Increased traffic in areas like Haywood Road is one noticeable sign of Greenville’s recent growth. Will Crooks/Greenville Journal

Greenville has fallen on the nation’s fastest-growing-city list, but Mayor Knox White said that’s not necessarily a bad thing.

“I’m glad to see the era of hypergrowth is slowing,” White said. “What we need is steady, moderate growth. It’s good it is being tapped down a bit.”

Greenville’s population grew 1.9 percent from July 2016 to July 2017, according to the latest U.S. Census Bureau estimate. While that rate still put Greenville ahead of four-fifths of the nation’s cities with populations of 50,000 or more, it’s significantly less than the 5.8 percent growth the city saw in 2016.

Since the last official census in 2010, the city’s population has swelled by nearly 17 percent, or just under 10,000 residents. During the same time, Greenville County’s population has swelled to more than 500,000 from just over 450,000.

The growth has presented challenges — for residents who find themselves driving on traffic-choked roads to governments that have to deal with inadequate infrastructure and louder complaints from residents.

Desired destination

Greenville’s appearance on several “best of” lists over the past few years prompted Susan McCormick to stop on her way to Atlanta from New York last year. She was looking for a place to call home after she retired. Now, she’s looking for a place to call home here.

“I guess I’m part of the problem, or soon will be,” she said during a stop in Falls Park. “Greenville has a charm that I hadn’t seen in other cities. I just hope that people continuing to move here doesn’t mess it up.”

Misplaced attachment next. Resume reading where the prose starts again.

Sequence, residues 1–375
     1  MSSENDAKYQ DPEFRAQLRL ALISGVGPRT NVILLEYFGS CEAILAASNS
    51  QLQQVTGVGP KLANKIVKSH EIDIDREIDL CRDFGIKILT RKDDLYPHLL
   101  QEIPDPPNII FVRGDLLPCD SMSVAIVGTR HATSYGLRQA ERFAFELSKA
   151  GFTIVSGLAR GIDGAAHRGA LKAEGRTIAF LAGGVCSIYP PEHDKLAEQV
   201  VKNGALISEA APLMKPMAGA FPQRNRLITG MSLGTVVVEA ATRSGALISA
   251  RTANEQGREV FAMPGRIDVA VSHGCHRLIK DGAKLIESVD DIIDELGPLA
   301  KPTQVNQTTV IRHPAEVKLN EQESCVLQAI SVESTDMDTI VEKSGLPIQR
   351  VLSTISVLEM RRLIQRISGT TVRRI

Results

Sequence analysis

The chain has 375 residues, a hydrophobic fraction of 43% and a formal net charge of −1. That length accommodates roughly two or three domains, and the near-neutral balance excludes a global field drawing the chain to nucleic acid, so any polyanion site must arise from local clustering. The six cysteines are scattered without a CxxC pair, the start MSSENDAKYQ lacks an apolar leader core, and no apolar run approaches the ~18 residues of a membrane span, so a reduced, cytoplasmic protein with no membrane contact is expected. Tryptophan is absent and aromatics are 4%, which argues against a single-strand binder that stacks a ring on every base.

When she does move, she’ll become part of the trend that shows that people moving in are behind much of the population growth of Greenville, the region, and South Carolina as a whole. The Greenville-Anderson-Mauldin metropolitan statistical area showed an 8.7 percent population increase, or 71,693 residents, from 2010 to 2017. Natural growth — births minus deaths — accounted for about one-quarter of the additional residents. The rest moved from somewhere else.

“There’s no magic gate to keep people out,” White said.

Greenville isn’t the only municipality that’s growing. All five of the other cities in the county have shown growth since the last census, including Greer, where the population has soared more than 21 percent since 2010.

Greenville Councilwoman Jil Littlejohn said the city’s growth has made it even more important to concentrate on affordable housing, something that has been a push since a 2016 study found that the city is short more than 2,500 units.

“We need to make sure there’s a space and place in the city of Greenville for everyone,” she said. “We won’t be able to meet the economic changes and demand for jobs without having housing that’s affordable and inclusive.”

Keeping up

Managing growth and all that goes with it has challenged local governments.

White said that includes adding green space — the biggest example of which is Unity Park, the 60-acre multimillion-dollar signature park that will be built west of downtown on the former site of the city’s public works complex — and intentional development in the city’s corridors to protect neighborhoods from commercial creep.

While both a proposed (and ultimately not built) Chick-fil-A restaurant on Augusta Street and a neighborhood’s successful battle to keep Walmart from building a smaller store on Church Street where apartments were ultimately built garnered headlines, White said the city has turned away other developments it thought would negatively impact neighborhoods.